For an hour he thought over this plausible statement of the tangle. He wanted to tell them about his wife, but couldn't. He finally narrowed it down to an assertion that he was light-headed from entertaining friends, had found the safe open, and having gone so far as to take the money out, had accidentally closed it. This act he regretted very much. He was sorry he had put them to so much trouble. He would undo what he could by sending the money back—the major portion of it. The remainder he would pay up as soon as he could. Was there any possibility of his being restored? This he only hinted at.
The troubled state of the man's mind may be judged by the very construction of this letter. For the nonce he forgot what a painful thing it would be to resume his old place, even if it were given him. He forgot that he had severed himself from the past as by a sword, and that if he did manage to in some way reunite himself with it, the jagged line of separation and reunion would always show. He was always forgetting something—his wife, Carrie, his need of money, present situation, or something—and so did not reason clearly. Nevertheless, he sent the letter, waiting a reply before sending the money.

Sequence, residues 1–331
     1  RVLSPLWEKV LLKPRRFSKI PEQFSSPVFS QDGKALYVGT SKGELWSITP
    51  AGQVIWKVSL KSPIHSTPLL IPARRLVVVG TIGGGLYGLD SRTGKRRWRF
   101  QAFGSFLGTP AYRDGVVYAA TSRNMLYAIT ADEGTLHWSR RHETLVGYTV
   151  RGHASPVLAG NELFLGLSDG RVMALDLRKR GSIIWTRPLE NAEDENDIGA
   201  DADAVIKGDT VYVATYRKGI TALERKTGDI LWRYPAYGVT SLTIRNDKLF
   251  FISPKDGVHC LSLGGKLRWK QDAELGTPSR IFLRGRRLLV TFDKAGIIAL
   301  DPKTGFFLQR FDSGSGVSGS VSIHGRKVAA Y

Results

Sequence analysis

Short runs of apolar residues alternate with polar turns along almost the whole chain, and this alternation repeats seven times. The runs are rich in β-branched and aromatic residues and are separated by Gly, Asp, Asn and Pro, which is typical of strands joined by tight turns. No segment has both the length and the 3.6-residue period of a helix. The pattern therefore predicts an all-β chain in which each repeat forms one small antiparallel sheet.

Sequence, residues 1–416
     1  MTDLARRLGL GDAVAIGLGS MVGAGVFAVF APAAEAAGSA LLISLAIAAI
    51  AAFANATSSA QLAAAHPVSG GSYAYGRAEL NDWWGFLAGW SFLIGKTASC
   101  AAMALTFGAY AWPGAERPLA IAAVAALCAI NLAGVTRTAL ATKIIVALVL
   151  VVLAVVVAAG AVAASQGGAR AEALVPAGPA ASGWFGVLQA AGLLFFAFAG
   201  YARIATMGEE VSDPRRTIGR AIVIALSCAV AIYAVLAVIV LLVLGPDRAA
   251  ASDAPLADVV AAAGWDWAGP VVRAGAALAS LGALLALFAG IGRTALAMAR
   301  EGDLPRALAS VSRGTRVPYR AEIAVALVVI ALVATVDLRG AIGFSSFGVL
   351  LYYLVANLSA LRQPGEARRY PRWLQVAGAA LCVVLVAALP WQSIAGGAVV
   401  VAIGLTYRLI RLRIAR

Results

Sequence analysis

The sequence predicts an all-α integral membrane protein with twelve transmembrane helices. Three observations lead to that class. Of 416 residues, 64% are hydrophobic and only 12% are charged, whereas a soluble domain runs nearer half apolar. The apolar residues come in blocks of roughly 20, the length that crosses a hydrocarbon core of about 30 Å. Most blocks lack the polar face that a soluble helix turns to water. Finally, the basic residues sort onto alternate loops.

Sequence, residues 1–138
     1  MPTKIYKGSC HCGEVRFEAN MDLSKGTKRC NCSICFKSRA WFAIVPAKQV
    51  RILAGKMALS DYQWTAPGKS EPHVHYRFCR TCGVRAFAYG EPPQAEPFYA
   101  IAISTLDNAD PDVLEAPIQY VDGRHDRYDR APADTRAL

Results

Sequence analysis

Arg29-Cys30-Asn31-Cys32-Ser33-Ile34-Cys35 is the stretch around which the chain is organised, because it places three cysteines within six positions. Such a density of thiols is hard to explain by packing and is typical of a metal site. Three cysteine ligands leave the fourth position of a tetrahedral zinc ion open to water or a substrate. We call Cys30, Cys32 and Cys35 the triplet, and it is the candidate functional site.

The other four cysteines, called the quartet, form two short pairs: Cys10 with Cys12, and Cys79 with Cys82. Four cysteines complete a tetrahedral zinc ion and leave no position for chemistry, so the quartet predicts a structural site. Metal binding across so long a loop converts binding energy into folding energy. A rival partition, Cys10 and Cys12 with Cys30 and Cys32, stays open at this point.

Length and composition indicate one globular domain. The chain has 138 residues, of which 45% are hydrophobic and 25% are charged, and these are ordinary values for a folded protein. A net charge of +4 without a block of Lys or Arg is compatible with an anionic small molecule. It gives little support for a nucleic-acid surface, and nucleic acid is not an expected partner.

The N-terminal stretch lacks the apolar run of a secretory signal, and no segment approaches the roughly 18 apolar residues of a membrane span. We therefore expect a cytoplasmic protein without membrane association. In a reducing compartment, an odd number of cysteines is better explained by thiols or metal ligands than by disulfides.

Meanwhile, he accepted his present situation with Carrie, getting what joy out of it he could.
Out came the sun by noon, and poured a golden flood through their open windows. Sparrows were twittering. There were laughter and song in the air. Hurstwood could not keep his eyes from Carrie. She seemed the one ray of sunshine in all his trouble. Oh, if she would only love him wholly—only throw her arms around him in the blissful spirit in which he had seen her in the little park in Chicago—how happy he would be! It would repay him; it would show him that he had not lost all. He would not care.
"Carrie," he said, getting up once and coming over to her, "are you going to stay with me from now on?"